According to The Phrase Finder

It used to be thought that if you drank water from a pond that had frogspawn in it, a frog could live and hatch out in your throat, which naturally would block your voice. Quacksalvers (that’s the traditional English equivalent of snake oil merchants) used to have a scam whereby the quack’s stooge used to pretend to be so afflicted; the quack would administer his medicine, lo and behold the stooge would cough up a live frog and “regain his voice”, and all the gullible peasants would buy this wonderful cure. For this reason, an obstruction in the throat is known as a “frog”.

Interesting story, if not exactly full of detailed information, like: What period in time did all this take place?

So with a little more digging I found this:

quack·sal·ver [ kwák sàlvər ] (plural quack·sal·vers) noun
Definition: quack: somebody who falsely claims to have medical or other skills or qualifications ( archaic )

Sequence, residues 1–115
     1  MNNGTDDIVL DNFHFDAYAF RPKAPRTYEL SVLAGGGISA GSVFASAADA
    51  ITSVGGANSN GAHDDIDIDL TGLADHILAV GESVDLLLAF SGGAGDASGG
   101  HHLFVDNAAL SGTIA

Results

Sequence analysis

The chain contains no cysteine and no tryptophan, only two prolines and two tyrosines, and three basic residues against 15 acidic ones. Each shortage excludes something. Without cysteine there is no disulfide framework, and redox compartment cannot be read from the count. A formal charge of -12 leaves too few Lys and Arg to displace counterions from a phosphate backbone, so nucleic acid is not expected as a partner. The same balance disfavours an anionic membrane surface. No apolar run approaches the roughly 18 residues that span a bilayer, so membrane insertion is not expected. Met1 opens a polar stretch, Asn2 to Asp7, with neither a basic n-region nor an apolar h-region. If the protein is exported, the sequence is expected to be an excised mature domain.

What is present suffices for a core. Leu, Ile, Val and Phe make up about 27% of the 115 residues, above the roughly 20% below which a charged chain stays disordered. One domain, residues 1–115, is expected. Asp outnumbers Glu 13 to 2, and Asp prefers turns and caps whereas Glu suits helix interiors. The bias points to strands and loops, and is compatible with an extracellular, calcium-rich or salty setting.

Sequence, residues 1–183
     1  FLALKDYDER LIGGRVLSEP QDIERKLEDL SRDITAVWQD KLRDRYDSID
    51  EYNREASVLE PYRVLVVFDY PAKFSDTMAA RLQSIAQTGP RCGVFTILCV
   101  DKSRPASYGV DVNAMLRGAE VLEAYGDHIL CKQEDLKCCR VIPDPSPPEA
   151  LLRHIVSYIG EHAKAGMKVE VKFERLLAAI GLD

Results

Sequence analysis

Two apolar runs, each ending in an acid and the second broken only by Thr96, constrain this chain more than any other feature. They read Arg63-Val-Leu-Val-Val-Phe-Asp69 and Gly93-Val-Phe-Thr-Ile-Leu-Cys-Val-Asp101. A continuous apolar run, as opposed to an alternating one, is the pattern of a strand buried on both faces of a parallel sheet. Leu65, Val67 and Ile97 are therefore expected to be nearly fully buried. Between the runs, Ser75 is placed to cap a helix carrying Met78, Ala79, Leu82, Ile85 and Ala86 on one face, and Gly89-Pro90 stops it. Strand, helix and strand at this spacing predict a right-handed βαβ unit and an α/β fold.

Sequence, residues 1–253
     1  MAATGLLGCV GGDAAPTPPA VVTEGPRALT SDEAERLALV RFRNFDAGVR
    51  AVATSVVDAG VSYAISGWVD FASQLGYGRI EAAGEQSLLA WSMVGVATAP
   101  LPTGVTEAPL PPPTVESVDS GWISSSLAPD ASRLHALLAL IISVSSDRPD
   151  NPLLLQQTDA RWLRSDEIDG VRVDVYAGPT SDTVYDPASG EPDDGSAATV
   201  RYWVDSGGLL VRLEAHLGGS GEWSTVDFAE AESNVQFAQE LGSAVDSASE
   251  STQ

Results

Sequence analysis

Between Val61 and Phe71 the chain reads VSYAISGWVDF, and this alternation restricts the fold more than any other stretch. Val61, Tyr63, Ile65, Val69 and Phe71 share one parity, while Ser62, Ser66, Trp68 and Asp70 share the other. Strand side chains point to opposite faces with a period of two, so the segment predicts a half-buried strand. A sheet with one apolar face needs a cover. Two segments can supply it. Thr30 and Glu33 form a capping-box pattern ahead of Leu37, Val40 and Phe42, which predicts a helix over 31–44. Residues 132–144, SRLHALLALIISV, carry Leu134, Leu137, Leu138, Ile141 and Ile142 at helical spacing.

[Late 16th century. < obsolete Dutch, “salve-hawker” < Dutch kwaken “quack, prattle” + zalf “salve”]

So, there you go.

A term likely originated by quacks in an effort to sell snake oil in the late 16th century.

Sound familiar?

Now, if you’ll excuse me, I’m going to make myself a nice hot spot o’ tea. I seem to have an amphibian lodged in my esophagus.

cat’s pajamas

December 5, 2007

catspajamas.jpg

Clearly these are not Pumpkin’s pajamas. However, you can tell by the look on his furry little face, that he was very anxious to demonstrate today’s animal idiom for you. “The Cat’s Pajama’s